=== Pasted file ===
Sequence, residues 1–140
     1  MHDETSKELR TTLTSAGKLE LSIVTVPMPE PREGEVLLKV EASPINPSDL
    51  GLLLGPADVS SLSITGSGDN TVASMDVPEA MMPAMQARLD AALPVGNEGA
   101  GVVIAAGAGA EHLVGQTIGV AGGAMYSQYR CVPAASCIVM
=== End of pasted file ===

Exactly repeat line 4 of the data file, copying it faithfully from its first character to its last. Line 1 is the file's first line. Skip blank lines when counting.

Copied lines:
   101  GVVIAAGAGA EHLVGQTIGV AGGAMYSQYR CVPAASCIVM